Down Under

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Can you imagine walking every day under leafy foliage for the past four and a half months. Sunlight filters through the leaves. The wind gently rustling the leaves sounds so calming. Hikers fondly refer to this canopy as the green tunnel. It sounds lovely, doesn’t it.

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When I started hiking on April 2, 2016,the foliage hadn’t arrived on the trees yet. The rhododendrons seem to always have leaves. I could see sunrise and sunsets. Now though, the foliage has been here for a few months. Hiking through Massachusetts was really like walking through a underground tunnel. Literally there were times during the day I thought, “Did I just wake up from a hikers trance and hours have gone by and now it’s evening and I’m still hiking? ” I would look at my watch only to discover it was only 9:00 in the morning.

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Then came Vermont. Add mud to the equation and rain and you have the state of Vermont.

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Okay, in all fairness to Vermontians, we did hike through a few nice fields.

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I did see how maple sap was collected on a larger scale. I did see chunks of their famous marble. The woods though are covered in moss of every kind and variety. They don’t call this the “Green Mountain” state for no reason.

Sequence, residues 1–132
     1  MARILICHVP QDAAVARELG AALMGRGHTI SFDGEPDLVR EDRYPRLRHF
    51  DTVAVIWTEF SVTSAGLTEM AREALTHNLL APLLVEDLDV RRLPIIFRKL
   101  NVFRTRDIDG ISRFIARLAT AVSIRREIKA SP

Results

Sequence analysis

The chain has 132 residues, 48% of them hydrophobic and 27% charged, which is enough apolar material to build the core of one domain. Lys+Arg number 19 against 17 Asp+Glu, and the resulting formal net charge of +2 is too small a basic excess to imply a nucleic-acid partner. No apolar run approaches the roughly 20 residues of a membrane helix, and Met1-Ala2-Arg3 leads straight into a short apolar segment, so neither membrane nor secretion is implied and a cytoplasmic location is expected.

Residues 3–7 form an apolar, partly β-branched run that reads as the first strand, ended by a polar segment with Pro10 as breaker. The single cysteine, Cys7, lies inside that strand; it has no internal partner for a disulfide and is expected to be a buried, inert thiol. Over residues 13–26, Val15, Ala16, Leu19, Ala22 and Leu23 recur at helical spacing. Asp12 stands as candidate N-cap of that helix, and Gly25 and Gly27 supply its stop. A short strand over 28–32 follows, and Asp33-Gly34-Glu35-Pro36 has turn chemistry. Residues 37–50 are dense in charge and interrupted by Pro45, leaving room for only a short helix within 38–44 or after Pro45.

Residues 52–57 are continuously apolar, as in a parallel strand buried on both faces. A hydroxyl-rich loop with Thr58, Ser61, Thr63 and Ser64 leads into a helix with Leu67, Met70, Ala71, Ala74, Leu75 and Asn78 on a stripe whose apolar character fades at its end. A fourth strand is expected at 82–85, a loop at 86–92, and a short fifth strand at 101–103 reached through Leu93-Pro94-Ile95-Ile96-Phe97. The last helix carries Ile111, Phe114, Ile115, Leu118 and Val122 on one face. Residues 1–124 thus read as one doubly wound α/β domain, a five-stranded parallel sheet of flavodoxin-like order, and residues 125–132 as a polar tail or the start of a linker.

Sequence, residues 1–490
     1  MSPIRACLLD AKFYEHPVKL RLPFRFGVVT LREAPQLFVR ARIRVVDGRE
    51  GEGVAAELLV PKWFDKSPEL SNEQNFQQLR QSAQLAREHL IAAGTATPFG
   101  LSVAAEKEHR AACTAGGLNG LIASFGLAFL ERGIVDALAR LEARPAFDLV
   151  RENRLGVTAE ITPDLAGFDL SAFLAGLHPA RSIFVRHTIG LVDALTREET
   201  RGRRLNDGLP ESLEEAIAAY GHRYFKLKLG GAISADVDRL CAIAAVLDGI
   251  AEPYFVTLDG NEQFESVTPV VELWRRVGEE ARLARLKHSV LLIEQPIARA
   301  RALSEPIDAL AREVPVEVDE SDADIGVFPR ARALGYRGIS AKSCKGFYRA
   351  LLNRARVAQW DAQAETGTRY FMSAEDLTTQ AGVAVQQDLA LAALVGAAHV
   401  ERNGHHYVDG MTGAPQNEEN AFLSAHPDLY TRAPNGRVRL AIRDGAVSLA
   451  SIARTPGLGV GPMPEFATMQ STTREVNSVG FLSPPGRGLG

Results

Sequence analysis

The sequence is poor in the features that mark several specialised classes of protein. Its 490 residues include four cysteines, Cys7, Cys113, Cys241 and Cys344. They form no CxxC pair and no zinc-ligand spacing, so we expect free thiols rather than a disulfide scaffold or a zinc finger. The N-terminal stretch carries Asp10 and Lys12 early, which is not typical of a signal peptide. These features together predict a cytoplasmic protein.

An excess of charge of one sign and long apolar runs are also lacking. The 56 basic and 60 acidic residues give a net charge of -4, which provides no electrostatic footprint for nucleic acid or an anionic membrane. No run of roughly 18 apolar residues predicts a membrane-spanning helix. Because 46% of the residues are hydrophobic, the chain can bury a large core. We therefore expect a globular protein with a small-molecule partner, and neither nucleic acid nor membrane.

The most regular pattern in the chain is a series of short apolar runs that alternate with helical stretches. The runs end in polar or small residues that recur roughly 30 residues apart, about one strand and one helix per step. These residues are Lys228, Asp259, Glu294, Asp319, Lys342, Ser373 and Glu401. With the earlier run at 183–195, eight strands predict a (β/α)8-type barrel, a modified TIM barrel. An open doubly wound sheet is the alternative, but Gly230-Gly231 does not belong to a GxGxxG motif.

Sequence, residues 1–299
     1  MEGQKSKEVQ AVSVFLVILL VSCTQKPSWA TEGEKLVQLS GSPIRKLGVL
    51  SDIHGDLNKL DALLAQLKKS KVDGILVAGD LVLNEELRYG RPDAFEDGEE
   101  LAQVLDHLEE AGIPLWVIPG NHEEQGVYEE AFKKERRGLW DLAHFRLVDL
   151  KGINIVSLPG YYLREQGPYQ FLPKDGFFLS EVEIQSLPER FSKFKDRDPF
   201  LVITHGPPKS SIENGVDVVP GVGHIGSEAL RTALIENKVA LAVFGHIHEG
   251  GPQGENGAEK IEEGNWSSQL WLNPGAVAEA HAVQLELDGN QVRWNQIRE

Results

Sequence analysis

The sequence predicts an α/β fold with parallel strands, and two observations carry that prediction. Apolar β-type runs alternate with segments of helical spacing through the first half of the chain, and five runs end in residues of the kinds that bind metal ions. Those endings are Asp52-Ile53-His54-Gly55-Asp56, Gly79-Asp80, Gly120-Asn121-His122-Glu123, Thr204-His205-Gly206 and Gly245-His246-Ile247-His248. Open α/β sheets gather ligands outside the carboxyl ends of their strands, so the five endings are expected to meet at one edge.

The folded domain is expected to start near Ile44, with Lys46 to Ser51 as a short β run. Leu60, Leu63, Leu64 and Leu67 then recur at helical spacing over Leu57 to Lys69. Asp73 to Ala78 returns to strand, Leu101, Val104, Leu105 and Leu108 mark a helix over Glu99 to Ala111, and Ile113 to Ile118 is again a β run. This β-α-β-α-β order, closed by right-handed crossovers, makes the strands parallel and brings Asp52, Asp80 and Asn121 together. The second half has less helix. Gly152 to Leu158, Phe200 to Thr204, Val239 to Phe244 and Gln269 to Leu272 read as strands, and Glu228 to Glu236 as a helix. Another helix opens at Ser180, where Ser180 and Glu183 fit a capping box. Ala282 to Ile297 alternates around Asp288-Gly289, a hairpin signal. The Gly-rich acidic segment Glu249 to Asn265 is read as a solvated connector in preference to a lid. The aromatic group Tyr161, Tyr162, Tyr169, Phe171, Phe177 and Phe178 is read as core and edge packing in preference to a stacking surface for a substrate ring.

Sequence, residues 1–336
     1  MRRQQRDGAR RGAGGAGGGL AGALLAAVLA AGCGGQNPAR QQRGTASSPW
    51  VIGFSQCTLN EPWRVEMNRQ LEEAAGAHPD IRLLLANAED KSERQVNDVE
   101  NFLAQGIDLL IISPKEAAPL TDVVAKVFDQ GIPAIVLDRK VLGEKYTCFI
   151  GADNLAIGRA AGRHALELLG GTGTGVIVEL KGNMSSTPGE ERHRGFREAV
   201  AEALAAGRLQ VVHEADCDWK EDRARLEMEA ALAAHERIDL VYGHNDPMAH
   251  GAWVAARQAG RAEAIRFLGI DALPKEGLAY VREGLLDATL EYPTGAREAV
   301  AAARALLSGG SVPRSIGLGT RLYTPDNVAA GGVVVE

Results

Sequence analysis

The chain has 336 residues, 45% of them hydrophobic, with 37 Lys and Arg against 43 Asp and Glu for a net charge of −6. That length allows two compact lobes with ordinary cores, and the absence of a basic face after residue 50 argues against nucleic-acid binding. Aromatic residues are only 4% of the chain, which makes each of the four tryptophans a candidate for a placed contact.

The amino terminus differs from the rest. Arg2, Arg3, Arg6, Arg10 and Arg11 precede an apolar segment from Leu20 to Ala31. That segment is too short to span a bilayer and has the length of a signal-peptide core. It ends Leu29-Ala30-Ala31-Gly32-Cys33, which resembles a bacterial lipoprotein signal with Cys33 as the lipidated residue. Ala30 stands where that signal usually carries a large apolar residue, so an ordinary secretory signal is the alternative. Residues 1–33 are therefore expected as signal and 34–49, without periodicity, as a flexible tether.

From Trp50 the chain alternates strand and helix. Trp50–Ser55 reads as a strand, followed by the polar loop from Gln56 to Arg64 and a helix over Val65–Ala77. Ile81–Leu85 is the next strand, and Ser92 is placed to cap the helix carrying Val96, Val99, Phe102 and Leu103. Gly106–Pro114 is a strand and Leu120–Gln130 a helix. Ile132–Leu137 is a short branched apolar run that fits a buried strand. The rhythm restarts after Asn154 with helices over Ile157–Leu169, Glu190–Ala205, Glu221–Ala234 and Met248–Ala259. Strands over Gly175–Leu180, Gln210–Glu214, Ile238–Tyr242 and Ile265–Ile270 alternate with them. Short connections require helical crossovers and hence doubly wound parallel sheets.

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Ten Bear and I have been able to avoid some of the recent rain by staying in a shelter or some hostels.

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All I can really say about that is I stayed dry. Ten Bear want so lucky in the Cooper Lodge Shelter.

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The roof leaked. We ended up using all the florescent green duct tape I had wrapped around my hiking poles for just this type of thing or gear repair. That green tape had been an identifying marker on my poles. Three days later I forgot my poles outside a country market. Good thing I only had a tenth of a mile hike to go back and retrieve them.

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Two days ago was my last full day in Vermont. I woke up at 5:17 a.m. to heavy dew under the rain fly off my tent. I got up before it managed to rain down on me inside my tent and all my gear. Oh, don’t get me wrong, thing have been damp for months now. I just didn’t want them soaking wet. Even though I tried to wipe off as much dew as possible, my pack still felt heavier than usual. Though it could have been because the day before I was able to slackpack 19 miles thanks to the help if Miss Janet.

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I entered Vermont in the rain and I left Vermont in the rain.

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I was never so hap put that one of my great grandfather’s lief this state when he emigrated from Finland!

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I’m now in New Hampshire. My husband Tom has sent back my winter gear. Ugh! The extra weight is killer. I look forward to entering the White Mountains and getting above tree line. There is unpredictable weather there, but hey, I may finally see a sunrise. As for the canopy, all I can say is, see you again in Maine.

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